The game was marred by a 31-minute delay due to a stadium blackout that may have lost some second half viewership.
In a statement, CBS said no advertiser lost air time due to the power outage and that "all commercial commitments during the broadcast are being honored."
For the first time in years, the Super Bowl took place at a time of relative national calm, unlike the air of uncertainty during last year's game, when America stood at an economic and political crossroads.
So, with a decent chunk of the American public feeling a bit better, many other Super Bowl advertisers figured it was time to let loose. Many commercials were overflowing with spectacle, scantily-clothed bodies and visual and audio pyrotechnics. This must be what viewers really want, right?
Wrong, according to Ad Meter's panelists. Turns out what they really wanted weren't ads that went whiz, bang and pop. They favored ads that told a simple story with a wisp of wonder. Folks wanted ads that made them feel good.
"It's almost unfathomable to believe corporate sponsors paid millions of dollars to create those overall woeful ads, and then, paid even further millions to show those ads during the Super Bowl," says Kitty Grubb, an attorney from Seminole, Fla.
But viewers loved the ads about heart-felt reunions. For A-B, man and horse. For Chrysler, soldier and family.
Chrysler's high-scoring ad positions it not only as a marketer whose messages must be watched, but as one whose designs and sheet metal for historic brands like Jeep and Ram trucks may suddenly be worth a second look.
"This is the kind of ad that America needs to see . . . hope, love, faith, patriotism . . . all of the things that America is desperately looking for . . . and needs," says Frank Slezak, a fashion photographer from Horsham, Pa.
Doritos, meanwhile, finished fourth with an ad about a father whose daughter talks him into prancing around in a tutu for a bag of Doritos).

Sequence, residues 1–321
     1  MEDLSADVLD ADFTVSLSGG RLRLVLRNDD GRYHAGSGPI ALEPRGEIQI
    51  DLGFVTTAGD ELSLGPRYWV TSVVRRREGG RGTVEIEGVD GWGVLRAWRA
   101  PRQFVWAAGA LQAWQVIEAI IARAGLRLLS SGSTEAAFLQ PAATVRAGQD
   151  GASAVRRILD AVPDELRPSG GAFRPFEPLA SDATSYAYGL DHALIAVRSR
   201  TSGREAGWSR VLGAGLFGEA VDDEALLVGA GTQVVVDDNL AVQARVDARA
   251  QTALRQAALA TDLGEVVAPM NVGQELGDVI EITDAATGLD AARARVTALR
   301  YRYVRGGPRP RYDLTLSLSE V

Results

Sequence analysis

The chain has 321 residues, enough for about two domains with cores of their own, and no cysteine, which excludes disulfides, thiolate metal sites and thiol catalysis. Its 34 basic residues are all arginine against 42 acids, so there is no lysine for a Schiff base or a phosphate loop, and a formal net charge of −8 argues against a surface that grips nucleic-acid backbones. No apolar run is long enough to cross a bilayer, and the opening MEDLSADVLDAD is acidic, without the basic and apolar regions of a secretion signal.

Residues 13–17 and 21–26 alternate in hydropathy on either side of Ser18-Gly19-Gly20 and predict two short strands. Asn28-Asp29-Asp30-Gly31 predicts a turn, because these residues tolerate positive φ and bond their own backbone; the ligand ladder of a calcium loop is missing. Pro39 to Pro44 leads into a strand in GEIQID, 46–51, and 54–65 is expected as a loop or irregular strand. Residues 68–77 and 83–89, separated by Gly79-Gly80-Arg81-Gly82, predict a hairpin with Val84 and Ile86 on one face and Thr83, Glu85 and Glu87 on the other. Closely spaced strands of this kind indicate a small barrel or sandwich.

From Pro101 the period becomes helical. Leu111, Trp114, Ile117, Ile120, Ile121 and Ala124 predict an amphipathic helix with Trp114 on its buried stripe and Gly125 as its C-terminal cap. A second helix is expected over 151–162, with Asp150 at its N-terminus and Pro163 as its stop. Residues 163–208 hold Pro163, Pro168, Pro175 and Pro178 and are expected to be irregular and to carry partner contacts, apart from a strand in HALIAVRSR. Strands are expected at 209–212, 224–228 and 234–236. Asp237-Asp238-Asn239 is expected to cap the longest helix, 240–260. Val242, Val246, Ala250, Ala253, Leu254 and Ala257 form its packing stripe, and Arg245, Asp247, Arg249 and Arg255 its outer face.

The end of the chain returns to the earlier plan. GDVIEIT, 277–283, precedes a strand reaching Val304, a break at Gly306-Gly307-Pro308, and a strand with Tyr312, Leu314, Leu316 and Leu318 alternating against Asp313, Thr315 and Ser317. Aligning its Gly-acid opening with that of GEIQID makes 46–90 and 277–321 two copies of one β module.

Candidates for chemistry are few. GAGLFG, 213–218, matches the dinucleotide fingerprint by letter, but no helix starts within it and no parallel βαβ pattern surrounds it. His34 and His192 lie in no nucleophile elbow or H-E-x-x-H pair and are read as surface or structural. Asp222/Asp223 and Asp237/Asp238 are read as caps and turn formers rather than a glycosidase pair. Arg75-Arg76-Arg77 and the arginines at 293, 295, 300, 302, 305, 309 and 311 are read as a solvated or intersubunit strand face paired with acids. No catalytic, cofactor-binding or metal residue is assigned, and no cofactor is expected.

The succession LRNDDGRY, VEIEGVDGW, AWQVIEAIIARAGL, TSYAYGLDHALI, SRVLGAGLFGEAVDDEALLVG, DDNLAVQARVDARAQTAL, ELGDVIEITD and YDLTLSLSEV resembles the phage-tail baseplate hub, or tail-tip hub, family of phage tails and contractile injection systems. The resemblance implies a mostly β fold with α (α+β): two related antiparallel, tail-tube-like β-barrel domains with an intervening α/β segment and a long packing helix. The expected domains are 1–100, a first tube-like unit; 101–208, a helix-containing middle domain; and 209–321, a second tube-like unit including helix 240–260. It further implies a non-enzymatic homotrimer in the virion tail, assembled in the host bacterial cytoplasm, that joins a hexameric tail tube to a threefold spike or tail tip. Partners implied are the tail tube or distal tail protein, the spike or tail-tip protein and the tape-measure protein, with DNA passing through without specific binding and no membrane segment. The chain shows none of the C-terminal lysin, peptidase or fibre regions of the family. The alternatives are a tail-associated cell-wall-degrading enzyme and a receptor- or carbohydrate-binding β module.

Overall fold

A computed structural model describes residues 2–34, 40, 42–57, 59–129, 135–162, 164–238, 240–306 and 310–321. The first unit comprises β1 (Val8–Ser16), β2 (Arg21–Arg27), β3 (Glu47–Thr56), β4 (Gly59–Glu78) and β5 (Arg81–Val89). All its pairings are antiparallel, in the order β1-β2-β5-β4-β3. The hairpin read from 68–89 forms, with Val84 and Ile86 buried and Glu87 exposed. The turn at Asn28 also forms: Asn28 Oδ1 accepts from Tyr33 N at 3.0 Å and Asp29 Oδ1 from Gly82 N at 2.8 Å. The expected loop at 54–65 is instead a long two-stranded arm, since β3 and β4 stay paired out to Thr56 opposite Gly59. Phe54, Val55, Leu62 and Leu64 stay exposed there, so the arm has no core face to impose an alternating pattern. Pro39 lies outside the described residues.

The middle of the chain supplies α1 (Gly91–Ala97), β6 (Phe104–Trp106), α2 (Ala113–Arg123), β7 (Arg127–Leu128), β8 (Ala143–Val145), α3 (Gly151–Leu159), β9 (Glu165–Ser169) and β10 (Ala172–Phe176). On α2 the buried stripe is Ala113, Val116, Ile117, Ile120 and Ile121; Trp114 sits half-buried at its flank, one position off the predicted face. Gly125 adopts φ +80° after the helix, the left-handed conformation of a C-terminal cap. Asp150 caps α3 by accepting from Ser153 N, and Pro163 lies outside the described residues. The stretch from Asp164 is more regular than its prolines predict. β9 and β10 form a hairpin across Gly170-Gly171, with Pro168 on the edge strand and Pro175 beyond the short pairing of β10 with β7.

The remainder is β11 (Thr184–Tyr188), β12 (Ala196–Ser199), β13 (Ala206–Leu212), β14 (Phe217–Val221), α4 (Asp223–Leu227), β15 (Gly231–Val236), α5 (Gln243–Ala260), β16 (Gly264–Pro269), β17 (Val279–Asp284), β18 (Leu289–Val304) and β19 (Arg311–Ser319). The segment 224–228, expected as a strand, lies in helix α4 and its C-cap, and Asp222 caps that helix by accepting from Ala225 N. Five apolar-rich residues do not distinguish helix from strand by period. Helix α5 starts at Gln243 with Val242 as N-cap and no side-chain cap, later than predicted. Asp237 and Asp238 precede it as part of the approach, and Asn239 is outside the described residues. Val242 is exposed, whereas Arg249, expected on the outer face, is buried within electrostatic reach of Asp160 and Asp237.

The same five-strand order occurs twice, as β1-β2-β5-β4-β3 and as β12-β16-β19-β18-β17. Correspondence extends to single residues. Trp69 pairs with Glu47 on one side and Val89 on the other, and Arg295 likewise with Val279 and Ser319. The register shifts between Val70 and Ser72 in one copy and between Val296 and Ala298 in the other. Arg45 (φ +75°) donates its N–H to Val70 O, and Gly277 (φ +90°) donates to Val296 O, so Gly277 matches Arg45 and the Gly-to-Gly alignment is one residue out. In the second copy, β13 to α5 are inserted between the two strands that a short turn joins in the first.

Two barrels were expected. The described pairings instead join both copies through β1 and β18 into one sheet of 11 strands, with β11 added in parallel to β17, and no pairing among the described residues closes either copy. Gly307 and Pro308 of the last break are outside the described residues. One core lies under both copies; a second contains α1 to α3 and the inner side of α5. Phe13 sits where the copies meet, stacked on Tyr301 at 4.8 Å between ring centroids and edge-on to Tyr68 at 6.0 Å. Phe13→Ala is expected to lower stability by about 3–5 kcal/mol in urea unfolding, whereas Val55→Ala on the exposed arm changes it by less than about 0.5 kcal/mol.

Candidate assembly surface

For the eighth consecutive year, Doritos turned to consumers to create and select its Super Bowl spots. It has fully embraced social media and crowd sourcing, asking consumers to not only create its Super Bowl commercials but also select, via online voting, the ads that will air.
Other Super Bowl ad trends on Sunday:
Social chit-chat. A common thread for many top-scoring ads: They'd been viewed on YouTube and talked about on Facebook and Twitter for days. Increasingly, advertisers are embracing a new social media platform that demands advertisers give the goods early - well before the game - so that millions of folks can see them long before the clutter and confusion of The Big Game.
Ads go long. Who'd a thunk, in an age of instant gratification, that two advertisers would choose to air three Super Bowl spots that are each two-minutes long? Chrysler did it twice. And Samsung jumped on the train, with a spot featuring three actors in search of the next big thing - who happens to be LeBron James. (Isn't he already a big thing?)
Presto chango. The magic of magic never fails to allure. Toyota featured Big Bang star Kaley Cuoco as a wish-granting genie. Bud Light featured Stevie Wonder as a voodoo kingpin who rabid football fans seek out in New Orleans.
Sex with a twist. Sexy babes sipping soda or ogling guys just don't have the Super Bowl thrill any longer. Perhaps that's why GoDaddy put super model and Sports Illustrated Swimsuit issue cover girl Bar Refaeli into a 30-second ad in which she French-kisses a be-spectacled, chubby geek for a full 18-seconds. The close-up smackeroo was an utter turn-off for many viewers.
"If it wasn't a Super Bowl commercial, I would have turned the channel." says Jamie Thomassen, a public relations executive from Des Moines, Iowa.
(c) Copyright 2013 USA TODAY, a division of Gannett Co. Inc.
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